First direct evidence of cavitating Langmuir turbulence occurring naturally in any space or astrophysical plasma
9 March 2012
Patrick Guio and co-workers
Cavitating Langmuir Turbulence in the Terrestrial Aurora
Radar observations of the Earth's aurora reveal, for
the first time ever, the natural and spontaneous formation of warm, low
density 'bubbles' of plasma in the ionosphere: the hallmark of strong
Langmuir turbulence. This process has previously been observed only in
an artificial context: the driving effects of high-frequency radio waves
emitted by powerful transmitters used in ionospheric modification
The universe is known to consist overwhelmingly of
high-temperature ionised gases known as plasmas. Langmuir waves are
electric waves present in a plasma due to the interaction of electrons,
like ocean waves are the product of wind blowing on the ocean surface.
These waves, in a quiescent plasma, are unorganised like the swell on
the sea. However, a beam of energetic electrons, like a wind storm, can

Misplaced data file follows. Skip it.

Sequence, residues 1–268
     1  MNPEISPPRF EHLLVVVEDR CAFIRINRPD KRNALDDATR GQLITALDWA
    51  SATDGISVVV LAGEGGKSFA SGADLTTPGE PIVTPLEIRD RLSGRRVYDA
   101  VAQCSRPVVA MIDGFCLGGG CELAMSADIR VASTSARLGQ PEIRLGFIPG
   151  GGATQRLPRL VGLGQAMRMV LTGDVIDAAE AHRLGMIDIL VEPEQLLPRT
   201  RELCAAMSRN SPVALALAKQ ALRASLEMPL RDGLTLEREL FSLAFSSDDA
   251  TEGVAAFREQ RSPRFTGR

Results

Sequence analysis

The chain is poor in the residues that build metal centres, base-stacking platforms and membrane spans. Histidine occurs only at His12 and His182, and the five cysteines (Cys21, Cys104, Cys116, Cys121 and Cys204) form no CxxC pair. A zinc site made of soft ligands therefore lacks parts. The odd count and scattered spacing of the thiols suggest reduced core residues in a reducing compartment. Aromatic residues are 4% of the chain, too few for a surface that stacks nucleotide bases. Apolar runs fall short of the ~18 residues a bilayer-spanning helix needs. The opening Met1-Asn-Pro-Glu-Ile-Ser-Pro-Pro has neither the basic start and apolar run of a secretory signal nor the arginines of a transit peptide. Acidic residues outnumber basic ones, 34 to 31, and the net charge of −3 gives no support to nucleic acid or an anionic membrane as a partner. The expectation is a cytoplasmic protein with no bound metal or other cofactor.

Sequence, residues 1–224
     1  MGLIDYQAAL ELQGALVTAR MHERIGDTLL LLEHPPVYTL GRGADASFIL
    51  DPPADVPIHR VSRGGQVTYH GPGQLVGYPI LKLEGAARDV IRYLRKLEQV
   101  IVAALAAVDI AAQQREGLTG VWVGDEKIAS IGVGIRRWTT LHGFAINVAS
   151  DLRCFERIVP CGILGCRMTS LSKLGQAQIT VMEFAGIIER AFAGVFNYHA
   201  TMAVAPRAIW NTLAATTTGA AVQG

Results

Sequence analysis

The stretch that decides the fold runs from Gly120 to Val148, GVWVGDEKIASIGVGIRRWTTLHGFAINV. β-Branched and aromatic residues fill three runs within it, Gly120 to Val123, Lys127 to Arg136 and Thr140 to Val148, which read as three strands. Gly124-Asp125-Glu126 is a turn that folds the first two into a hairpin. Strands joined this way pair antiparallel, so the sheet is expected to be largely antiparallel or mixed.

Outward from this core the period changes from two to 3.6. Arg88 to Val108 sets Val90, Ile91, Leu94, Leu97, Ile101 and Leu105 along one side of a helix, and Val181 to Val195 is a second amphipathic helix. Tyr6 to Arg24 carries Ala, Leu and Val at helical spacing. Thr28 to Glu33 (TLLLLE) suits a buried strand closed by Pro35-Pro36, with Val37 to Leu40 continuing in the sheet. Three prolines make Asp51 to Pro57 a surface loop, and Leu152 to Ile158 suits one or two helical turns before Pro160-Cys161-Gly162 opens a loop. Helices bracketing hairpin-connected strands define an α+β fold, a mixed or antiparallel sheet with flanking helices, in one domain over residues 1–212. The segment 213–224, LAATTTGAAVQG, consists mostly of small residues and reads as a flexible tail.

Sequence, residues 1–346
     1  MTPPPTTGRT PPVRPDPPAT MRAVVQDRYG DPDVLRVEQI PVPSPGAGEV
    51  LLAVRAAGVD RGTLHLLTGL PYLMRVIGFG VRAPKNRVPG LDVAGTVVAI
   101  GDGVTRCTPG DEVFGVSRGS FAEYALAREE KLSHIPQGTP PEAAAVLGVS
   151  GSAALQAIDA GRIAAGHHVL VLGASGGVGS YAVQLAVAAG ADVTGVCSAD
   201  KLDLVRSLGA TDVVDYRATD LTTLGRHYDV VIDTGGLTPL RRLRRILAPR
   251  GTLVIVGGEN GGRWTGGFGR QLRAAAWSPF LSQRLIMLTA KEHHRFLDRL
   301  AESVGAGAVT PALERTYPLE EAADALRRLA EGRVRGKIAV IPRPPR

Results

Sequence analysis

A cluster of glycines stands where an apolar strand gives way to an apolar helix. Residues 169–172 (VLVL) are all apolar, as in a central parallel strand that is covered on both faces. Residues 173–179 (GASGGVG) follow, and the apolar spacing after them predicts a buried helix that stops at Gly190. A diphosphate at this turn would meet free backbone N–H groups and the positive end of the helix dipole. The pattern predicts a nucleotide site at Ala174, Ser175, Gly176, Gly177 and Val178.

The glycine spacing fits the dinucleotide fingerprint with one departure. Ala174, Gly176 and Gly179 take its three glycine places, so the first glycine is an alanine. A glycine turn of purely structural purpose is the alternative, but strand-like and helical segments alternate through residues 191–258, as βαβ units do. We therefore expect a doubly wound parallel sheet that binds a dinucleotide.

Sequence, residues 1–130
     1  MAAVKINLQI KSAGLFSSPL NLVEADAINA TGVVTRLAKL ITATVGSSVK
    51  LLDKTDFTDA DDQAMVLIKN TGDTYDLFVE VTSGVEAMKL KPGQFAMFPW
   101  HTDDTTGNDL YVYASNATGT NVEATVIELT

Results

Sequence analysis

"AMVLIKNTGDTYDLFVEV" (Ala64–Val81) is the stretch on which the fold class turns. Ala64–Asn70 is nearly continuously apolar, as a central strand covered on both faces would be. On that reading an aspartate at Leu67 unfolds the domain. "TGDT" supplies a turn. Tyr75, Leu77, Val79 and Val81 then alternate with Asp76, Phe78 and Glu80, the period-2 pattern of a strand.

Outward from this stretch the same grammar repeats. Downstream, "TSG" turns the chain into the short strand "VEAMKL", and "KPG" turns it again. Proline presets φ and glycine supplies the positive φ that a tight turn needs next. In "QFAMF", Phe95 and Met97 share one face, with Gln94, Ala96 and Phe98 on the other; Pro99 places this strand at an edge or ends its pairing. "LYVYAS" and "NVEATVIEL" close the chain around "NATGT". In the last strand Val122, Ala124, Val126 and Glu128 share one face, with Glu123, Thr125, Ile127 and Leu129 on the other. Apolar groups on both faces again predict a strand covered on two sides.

dramatically increase the level of wave activity leading to Langmuir
Understanding turbulence is one of
the last frontiers of classical physics. Such interaction between
waves and a beam of electrons is known to occur in controlled laboratory
and space plasma experiments. It is also thought to occur naturally in
space and astrophysical plasmas as varied as pulsar magnetospheres and
the Earth's ionosphere. In its ultimate form, Langmuir turbulence
contains waves that are trapped in electron density depressions just
like voids or bubbles in a liquid would occur in pumps, propellers,
impellers, and in the vascular tissues of plants. Cavitation is the
term used to describe the behaviour of such bubbles.
American Physical Society (APS) Synopsis: Watch Those Cavities
The strong central peak in this spectrum is a signature of cavitation -- the creation of "bubbles" in the Earth's turbulent ionosphere in response to "driving" by a beam of electrons -- the same electrons which produce the Earth's beautiful auroral displays.
Figures 2a and 2b:
Simulations (and predictions) of radar observations for different operating frequencies (wavenumbers), for the cases with (Figure 2b) and without a beam of electrons (Figure 2a). The horizontal white lines at the bottom of each plot indicate that "cut" of the wavenumber-frequency space for our radar observations. The strong central peak at zero-frequency is clearly seen for the beam case in the middle panel (ion-acoustic waves) over a wide range of wavenumbers.